It would be remiss not to thank the state legislative directors in every state who have pushed for 2PC legislation. As we all know and have celebrated, 12 states achieved the governor’s signature on legislation or had regulations on minimum crew size on the books before the FRA’s historic announcement. Unquestionably, whether a bill passed or not, the efforts made in the state houses were instrumental in the national push.  Every time one of our SLDs presented legislation on the matter, it created public discussion and awareness of the critical role conductors play in protecting their communities. For all the state directors who fought the good fight for rail safety, we thank you and congratulate you on winning the war.

All in all, there are too many people to thank to have any hope of mentioning everyone. Our union is stronger than ever, the community we have built around us is active and engaged, and together we put the rail bosses on notice.  We are watching, and we will use our collective strength to protect public and worker safety however inconvenient that becomes for the profit-at-all-cost railroads and their owners.

We thank all of our members and advocates for everything they did to bring the fight this far.  Your efforts have been seen, and we have seen the results, but there is work left to do. Every new administration brings the risk of new regulations. We need to protect the progress that we have made. Now that the FRA’s 2PC rule is a reality it is time to focus on passing the Railway Safety Act.

SAN FRANCISCO — Federal Railroad Administrator Amit Bose didn’t elaborate on the Rule of 2 that his agency recently put forth for the public to weigh in on, but he made it clear as he spoke on the second day of the SMART Leadership Conference that the lines of communication at his agency are open.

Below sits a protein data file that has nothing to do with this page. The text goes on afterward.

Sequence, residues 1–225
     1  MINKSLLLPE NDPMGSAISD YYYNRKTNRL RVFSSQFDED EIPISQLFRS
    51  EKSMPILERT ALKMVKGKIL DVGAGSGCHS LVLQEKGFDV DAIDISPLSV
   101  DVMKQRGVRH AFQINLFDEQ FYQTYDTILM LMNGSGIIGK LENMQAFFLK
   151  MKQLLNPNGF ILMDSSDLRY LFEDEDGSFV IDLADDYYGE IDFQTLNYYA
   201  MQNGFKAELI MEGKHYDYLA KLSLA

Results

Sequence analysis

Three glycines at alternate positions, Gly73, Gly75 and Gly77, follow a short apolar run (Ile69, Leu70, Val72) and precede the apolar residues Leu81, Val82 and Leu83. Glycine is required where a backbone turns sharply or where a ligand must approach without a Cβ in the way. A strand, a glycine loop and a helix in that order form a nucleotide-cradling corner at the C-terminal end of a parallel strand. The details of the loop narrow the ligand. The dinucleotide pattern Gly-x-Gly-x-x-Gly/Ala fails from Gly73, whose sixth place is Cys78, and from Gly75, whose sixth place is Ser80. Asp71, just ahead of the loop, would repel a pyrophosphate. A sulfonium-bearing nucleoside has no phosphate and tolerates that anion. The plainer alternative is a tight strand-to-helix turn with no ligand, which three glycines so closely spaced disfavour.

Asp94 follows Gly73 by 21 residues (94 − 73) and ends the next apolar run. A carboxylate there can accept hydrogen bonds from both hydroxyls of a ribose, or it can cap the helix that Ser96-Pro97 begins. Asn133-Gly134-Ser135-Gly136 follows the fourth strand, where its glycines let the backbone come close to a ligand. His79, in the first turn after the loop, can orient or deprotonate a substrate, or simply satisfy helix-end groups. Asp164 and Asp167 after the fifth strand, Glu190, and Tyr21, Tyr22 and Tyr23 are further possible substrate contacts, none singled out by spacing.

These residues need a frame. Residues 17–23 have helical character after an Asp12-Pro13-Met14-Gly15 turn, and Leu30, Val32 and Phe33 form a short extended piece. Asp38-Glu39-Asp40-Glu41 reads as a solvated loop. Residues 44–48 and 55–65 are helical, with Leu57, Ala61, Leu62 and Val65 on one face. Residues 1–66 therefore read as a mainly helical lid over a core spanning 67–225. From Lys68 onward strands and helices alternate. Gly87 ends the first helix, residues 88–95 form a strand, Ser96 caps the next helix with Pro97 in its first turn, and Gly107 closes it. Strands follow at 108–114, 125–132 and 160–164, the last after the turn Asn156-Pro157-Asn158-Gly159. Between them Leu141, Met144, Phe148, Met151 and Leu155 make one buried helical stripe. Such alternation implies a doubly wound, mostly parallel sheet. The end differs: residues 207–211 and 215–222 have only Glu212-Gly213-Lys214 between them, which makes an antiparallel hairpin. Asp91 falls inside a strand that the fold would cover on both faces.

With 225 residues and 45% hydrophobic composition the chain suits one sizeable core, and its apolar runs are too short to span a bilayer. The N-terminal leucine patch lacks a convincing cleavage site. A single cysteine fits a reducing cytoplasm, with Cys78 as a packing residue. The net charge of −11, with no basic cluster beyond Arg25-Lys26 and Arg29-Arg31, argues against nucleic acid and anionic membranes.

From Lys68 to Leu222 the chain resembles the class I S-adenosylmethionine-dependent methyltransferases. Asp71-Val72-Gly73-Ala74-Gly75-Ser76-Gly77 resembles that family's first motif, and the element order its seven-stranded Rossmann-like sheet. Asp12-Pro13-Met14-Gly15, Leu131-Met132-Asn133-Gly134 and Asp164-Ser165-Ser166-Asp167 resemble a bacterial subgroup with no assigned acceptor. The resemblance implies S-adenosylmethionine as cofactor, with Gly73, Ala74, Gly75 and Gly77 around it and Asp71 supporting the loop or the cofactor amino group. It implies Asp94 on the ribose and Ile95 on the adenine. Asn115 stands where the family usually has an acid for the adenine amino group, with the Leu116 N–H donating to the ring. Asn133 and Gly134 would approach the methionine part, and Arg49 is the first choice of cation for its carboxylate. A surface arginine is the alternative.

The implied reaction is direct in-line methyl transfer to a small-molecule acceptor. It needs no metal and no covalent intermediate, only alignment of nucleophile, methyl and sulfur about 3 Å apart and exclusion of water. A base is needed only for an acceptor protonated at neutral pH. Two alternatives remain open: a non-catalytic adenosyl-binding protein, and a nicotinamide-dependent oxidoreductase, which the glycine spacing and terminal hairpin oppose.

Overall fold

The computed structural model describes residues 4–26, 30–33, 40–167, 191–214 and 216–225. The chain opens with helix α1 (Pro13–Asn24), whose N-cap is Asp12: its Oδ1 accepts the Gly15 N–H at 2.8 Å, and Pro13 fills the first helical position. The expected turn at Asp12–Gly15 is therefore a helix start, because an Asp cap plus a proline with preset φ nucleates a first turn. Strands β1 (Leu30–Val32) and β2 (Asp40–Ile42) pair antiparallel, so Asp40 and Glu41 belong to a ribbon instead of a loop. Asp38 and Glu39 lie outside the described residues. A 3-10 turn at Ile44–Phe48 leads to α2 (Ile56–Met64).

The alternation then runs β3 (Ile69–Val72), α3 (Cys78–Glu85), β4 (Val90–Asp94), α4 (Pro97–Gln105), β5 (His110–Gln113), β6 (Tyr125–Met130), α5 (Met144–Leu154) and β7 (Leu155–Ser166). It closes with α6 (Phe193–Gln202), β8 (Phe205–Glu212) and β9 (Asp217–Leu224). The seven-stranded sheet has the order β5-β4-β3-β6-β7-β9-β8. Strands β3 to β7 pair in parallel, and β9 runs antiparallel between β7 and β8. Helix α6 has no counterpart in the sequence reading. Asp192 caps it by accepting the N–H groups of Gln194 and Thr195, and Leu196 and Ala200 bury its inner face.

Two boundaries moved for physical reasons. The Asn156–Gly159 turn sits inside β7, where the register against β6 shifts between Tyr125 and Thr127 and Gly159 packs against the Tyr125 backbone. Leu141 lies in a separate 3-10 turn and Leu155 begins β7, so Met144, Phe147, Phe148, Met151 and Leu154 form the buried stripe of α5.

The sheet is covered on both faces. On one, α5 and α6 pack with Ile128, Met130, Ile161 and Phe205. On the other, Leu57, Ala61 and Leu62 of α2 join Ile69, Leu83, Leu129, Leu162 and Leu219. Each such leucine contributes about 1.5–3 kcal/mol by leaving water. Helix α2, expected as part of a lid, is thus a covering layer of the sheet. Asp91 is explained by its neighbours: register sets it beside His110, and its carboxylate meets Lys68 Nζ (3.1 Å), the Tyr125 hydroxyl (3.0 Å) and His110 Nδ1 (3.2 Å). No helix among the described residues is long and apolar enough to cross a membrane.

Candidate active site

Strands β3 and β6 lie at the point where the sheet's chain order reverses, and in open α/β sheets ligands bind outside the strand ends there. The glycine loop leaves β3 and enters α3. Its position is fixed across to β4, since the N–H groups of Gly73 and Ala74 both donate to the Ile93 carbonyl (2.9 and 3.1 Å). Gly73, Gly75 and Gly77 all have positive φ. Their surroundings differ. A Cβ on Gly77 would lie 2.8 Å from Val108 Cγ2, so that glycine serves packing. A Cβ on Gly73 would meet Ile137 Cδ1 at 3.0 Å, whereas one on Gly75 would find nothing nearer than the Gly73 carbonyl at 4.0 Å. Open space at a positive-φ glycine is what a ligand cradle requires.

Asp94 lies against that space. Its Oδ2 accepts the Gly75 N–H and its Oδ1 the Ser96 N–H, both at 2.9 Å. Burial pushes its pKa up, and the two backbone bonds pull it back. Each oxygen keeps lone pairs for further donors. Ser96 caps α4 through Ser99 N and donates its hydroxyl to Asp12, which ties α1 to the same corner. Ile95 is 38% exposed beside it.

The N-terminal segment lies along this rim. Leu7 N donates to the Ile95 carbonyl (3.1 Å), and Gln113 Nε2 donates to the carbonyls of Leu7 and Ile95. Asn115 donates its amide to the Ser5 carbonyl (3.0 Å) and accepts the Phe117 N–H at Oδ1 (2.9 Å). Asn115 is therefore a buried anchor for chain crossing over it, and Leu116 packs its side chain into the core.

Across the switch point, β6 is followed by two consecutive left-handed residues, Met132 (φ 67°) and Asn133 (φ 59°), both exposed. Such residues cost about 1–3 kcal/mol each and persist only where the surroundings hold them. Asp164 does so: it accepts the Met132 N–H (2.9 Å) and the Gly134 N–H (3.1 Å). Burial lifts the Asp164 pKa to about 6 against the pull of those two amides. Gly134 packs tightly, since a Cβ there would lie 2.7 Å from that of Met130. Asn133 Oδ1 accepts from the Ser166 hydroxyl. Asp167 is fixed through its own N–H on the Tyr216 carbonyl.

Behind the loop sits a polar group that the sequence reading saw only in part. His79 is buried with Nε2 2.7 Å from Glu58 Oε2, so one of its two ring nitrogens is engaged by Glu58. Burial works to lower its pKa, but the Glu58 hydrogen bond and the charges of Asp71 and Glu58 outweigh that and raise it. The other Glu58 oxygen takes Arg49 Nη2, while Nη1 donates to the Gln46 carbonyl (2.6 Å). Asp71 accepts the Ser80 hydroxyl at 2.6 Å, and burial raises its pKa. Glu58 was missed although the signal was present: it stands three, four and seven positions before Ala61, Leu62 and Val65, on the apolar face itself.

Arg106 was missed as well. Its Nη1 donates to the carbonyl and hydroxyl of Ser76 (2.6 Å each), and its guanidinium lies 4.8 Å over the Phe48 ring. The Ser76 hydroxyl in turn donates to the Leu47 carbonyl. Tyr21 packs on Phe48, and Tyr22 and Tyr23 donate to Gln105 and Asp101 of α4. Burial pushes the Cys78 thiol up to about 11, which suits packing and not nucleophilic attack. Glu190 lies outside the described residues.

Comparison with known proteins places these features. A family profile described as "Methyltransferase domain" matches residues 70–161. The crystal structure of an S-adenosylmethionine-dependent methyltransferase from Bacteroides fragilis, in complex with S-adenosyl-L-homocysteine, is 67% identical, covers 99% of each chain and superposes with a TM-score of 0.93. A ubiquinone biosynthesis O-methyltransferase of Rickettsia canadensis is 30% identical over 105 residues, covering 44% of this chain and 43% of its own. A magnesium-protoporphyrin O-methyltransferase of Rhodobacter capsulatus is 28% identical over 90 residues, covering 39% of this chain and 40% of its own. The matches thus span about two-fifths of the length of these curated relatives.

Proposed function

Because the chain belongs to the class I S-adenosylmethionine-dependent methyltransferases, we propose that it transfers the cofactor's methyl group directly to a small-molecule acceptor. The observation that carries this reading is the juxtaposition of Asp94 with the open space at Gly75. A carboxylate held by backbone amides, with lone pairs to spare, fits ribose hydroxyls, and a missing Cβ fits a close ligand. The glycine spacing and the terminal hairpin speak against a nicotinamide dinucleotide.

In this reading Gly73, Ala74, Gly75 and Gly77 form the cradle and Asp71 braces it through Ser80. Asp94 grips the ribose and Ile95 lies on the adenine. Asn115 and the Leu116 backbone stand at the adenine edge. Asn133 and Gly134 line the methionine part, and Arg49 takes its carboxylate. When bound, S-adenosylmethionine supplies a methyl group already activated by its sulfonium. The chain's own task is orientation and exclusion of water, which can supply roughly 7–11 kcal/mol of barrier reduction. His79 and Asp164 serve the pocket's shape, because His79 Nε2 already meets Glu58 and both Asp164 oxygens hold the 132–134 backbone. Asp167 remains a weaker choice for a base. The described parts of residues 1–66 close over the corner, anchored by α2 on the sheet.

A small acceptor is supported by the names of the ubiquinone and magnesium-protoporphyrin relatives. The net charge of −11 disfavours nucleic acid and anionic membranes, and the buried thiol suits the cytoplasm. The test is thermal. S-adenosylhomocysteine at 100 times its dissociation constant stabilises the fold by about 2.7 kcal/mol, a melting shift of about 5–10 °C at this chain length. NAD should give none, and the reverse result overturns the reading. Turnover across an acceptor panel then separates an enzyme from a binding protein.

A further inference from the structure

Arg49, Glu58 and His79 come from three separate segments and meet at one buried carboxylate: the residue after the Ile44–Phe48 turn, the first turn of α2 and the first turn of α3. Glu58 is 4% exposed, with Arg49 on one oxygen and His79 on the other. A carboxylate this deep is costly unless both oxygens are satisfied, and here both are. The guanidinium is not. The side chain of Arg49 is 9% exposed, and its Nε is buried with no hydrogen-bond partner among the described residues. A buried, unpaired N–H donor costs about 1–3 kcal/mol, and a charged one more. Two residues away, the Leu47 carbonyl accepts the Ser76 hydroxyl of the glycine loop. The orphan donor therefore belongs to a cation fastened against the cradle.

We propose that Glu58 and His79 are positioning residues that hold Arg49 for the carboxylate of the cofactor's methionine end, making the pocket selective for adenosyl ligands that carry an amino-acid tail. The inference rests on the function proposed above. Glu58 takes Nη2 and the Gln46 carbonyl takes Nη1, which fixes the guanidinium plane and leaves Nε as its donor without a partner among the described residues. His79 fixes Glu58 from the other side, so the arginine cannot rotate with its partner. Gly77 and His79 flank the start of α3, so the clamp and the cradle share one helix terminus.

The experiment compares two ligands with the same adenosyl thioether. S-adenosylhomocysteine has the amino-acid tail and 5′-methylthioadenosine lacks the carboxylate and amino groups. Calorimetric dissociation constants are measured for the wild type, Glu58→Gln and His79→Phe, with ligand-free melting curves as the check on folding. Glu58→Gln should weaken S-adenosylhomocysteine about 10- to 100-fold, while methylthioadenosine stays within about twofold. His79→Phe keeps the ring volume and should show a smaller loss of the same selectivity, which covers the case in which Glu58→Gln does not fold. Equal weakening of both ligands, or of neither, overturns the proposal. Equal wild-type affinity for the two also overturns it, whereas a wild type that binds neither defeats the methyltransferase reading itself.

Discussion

And comments are encouraged, he said.

“We truly appreciate your insights in keeping us informed on a daily basis of the things you see and hear, especially when reporting potentially unsafe conditions,” Bose said.

Safety inspections and audits are up at the agency, and the Notice of Proposed Rulemaking (NPRM) on the Rule of Two, which requires a minimum of two crew members on trains, is open for public comment.

The past year and a half of work at the agency has been focused on undoing a questionable course taken under the prior administration in regard to safe rail operations, Bose said, so much of his time has been spent reorienting FRA so that safety is the end goal.

“I want you all to know that my North Star is and always will be safety. It’s about safety. The word ‘politics’ doesn’t enter into my thinking in any way in any part of my day,” Bose said. “I don’t know where politics was from January 2017 to January 2021, I can tell you that some of the decisions that the previous administration made, that word was definitely in there.”

Among the changes by Bose — a reactivation of the Rail Safety Advisory Committee (RSAC) and the resumption of safety audits of Class I carriers.

“FRA shares SMART’s commitment to make sure rail operations are safe for workers, rail passengers and the public,” he said.

Bose said that his agency has been and will remain available to hear worker concerns.

“We’ll act promptly to correct problems within FRA’s purview and, for matters that don’t, lend FRA’s voice to bring about workable solutions,” Bose said.

Transportation Division President Jeremy Ferguson thanked Administrator Bose for taking the time to appear before the union.

“He truly is pointing FRA in a good direction for our members’ safety and for a better rail system in the United States,” President Ferguson said.